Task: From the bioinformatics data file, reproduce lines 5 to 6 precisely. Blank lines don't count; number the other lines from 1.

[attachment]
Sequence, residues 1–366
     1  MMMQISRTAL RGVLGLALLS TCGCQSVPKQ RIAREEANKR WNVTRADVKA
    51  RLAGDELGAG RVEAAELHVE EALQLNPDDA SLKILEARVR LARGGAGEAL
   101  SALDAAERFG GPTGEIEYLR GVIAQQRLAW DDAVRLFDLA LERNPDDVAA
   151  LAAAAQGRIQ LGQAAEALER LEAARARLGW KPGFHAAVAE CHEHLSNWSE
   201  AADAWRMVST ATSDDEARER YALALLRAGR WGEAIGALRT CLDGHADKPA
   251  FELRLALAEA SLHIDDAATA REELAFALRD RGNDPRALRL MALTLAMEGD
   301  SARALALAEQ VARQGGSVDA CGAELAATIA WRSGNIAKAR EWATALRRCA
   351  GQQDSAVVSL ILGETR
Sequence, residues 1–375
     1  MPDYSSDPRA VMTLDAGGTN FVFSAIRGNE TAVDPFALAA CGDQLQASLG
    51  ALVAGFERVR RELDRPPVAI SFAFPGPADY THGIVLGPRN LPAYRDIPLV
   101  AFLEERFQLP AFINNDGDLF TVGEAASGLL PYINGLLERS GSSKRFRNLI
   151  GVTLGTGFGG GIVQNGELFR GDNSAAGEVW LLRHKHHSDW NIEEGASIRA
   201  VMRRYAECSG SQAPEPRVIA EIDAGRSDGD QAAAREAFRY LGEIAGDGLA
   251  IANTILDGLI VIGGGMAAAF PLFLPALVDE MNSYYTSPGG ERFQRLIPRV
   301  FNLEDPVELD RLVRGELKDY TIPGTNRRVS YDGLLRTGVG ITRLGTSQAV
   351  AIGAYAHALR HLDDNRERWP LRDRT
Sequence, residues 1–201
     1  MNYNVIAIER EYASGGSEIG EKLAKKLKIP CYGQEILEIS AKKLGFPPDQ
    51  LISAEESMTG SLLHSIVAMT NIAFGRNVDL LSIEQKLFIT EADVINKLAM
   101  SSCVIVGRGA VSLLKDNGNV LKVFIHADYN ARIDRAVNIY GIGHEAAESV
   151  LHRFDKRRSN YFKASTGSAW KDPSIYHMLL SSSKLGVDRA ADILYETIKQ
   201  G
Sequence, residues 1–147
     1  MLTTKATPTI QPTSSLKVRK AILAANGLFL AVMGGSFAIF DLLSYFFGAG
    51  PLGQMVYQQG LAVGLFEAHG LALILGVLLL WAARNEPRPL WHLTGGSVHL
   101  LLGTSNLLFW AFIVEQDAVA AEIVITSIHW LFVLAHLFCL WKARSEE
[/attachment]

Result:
   151  LAAAAQGRIQ LGQAAEALER LEAARARLGW KPGFHAAVAE CHEHLSNWSE
   201  AADAWRMVST ATSDDEARER YALALLRAGR WGEAIGALRT CLDGHADKPA